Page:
By Vikas Datta
The ultimate test of a language’s survival is how it is chosen by its users to express their innermost feelings.This yardstick could well explain the case of Urdu, especially when it struck up its enduring partnership with films. And a standard-bearer among those responsible for bringing the ghazal out of courtly soirees to become an eloquent expression for everyman was this failed businessman.
Consider these songs: “Milkar judaa hue to na soya karenge ham/ Ek dusre ki yaad mein roya karenge ham”, “Zindagi mein to sabhi pyar kiya karte hai/Main to mar kar bhi meri jaan tujhe chaahuunga”, “Ye mojeza bhi mohabbat kabhi dikhaaye mujhe…”, or even “Mohe aayi na jag se laaj/main itna zor se naachi aaj/Ke ghunghru toot gaye” or “Chaandi jaisa rang hai tera sone jaise baal/Ik tu hi dhanvan hai gori baaqi sab kangal”.
“Qateel Shifai” penned the lyrics of some of the most heard songs rendered by some of the subcontinent’s best-known voices — Mehdi Hasan, Jagjit Singh, the Sabri Brothers, Pankaj Udhas and more. And he is one of the rare lyricists who has written for both Lollywood and Bollywood.
But the path of Mohammad Aurangzeb Khan (1919-2001) to become “Qateel” was scarcely obvious or smooth, given that there was no tradition of poetry in his family; nor for that matter was Urdu his mother tongue (he was actually a speaker of Hindko, the western Punjabi dialect prevalent across a huge swathe of highland Punjab and stretching into both present Khyber-Pakhtunkhwa and Kashmir).
Born in a businessman’s family in Haripur in Hazara Division of what was then North-West Frontier Province of British India, he had to stop his studies when 16 as his father died and begin earning for his family. He started his own sporting goods shop in Haripur but as it didn’t prove very successful, Aurangzeb Khan decided to move to Rawalpindi, where he started working for a transport company at the (then) princely sum of Rs 60 per month.
However, his chance to adorn the literary firmament came in 1946, when, out of the blue, he was called to Lahore and offered the post of the assistant editor of a decade-old literary journal “Adab-e-Latif”. His first ghazal was published in Lahore weekly “Star”, edited by Qamar Jalalabadi, the poetic takhallus of Om Prakash Bhandari, who would later become a prominent lyricist in Bollywood.
It was in January 1947, that Qateel — as he had become while adopting the second part of his takhallus from his literary mentor Hakeem Yahya Shifa Khanpuri — was approached by Lahore-based film producer Dewan Sardari Lal to write lyrics for his upcoming film.
This was “Teri Yaad” (1948), starring Dilip Kumar’s brother Nasir Khan, and the first film released in Pakistan. While it is tempting to say that there was no looking back with this, it was not the case yet. For over a decade, it was slogging as an assistant lyricist before he achieved high status in his own right, and it was then we can say that there was no looking back.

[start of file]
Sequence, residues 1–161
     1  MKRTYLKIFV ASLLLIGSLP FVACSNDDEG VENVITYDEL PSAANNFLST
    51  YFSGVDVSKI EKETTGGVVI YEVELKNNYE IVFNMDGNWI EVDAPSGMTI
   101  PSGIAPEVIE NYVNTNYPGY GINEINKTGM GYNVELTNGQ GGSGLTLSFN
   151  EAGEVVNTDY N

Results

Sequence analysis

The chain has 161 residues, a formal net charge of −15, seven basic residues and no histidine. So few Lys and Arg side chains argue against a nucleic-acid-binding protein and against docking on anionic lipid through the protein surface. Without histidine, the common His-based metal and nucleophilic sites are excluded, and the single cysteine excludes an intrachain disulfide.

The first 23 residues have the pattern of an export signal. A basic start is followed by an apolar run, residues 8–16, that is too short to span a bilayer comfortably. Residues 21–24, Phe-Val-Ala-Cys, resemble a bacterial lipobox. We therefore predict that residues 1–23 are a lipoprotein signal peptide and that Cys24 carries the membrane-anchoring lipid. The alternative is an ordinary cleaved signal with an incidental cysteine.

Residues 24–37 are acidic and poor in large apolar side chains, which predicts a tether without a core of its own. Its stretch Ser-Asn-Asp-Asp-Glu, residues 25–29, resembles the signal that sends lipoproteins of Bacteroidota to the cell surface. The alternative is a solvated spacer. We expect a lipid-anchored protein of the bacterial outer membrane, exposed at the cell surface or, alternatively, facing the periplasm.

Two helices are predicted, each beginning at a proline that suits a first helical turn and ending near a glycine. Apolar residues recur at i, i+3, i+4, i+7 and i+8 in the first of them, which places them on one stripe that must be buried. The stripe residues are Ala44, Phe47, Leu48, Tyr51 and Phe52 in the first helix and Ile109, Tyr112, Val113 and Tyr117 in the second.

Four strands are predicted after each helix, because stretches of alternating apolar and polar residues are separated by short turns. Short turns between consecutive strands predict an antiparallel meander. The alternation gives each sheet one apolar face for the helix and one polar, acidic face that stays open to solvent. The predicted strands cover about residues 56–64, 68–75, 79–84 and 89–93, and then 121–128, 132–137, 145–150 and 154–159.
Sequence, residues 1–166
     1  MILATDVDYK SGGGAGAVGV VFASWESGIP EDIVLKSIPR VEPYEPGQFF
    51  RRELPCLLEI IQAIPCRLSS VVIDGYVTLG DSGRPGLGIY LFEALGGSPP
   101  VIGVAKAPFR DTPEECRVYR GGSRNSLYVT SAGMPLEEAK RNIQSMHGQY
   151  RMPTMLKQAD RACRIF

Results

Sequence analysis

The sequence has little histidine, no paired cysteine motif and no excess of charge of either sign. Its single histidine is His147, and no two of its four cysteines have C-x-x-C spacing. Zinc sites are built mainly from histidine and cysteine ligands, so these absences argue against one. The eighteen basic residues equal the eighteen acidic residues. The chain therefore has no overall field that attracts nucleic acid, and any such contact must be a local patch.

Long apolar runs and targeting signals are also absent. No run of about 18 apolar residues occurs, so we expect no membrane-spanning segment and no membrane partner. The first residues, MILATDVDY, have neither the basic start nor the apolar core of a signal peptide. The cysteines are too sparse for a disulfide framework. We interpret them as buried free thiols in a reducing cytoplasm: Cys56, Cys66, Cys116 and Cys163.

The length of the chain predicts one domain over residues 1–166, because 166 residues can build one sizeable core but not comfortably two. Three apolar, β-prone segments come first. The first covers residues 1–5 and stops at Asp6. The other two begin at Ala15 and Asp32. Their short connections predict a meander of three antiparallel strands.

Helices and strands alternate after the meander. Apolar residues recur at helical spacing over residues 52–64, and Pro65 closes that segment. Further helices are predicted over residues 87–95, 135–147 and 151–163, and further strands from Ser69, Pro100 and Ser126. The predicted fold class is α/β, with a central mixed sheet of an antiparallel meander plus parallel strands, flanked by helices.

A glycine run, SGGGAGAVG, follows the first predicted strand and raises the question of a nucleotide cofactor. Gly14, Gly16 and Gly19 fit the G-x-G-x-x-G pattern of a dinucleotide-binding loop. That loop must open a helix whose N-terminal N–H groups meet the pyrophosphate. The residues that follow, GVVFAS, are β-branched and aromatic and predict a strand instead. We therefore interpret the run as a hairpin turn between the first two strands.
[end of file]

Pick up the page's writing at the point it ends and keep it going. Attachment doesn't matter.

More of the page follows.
Noted for the exquisite simplicity of his love-imbued lyrics, which didn’t remain confined to ghazals, but extended into nazm and geet, Qateel — with “Raat chandni maiin akeli” from “Zehar-e-Ishq” (1956), “Nigahe mila kar badal jaane vaale/Mujhe tujh se koi shikayat nahi hai” from “Mahboob” (1962) or “Dil ke viraane mein ik shamma hai ab tak roshan/Kii parvana magar ab na idhar aayega” from “Naila” (1965) — soon made a name.
But if we are take one particular song as representative of his ability as an incomparable poet of romantic expression at its most sublime, then it has to be “Zindagi mein to sabhi pyaar karte hai…” from film “Azmat” (1973).
With “Apne jazbaat mein nagmat rachane ke liye/Maine dhadkan ki tarah dil mein basaya hai tujhe/Main tasavvur bhi judaai ka bhala kaise karun/Maine qismat ki lakeeron se churaya hai tujhe..” or “Teri har chaap se jalate hain khayaalon mein charagh/Jab bhi tu aaye jagata hua jaadu aaye/Tujhko choo loon to phir ai jaan-e-tamanna mujhko/Der tak apne badan se teri khushbu aaye..”, it deserves a place among the most impressively love lyrics in the Urdu poetical tradition.
But Qateel, who wrote over 2,000 songs in over 200 Pakistani and Indian films, also was lucky, unlike quite a few counterparts on both sides of the border, to be as famous for his “non-filmi” work — be it Jagjit and Chitra Singh in “Milkar juda huye”, declaiming “Aansu chhalak chhalak ke sataayenge raat bhar/moti palak palak mein piroya karenge ham” or Mehdi Hasan warbling “Vo mera dost hai saare jahan ko hai maaloom/Dagah kare vo kisi se to sharm aaye mujhe” and several other classics.
Here he was also not confined to love — the rather ironic “Apne liye ab ek hi raah nijaat hai/Har zulm ko raza-e-khuda kah liya karo” and much more in nearly 20 collections showing his versatility.
And like many others, he could pen an epitaph for himself: “Main apni zaat mein nilaam ho raha hoon ‘Qateel’/Gam-e-hayaat se kah do khareed laye mujhe”. His fear, happily, was misplaced.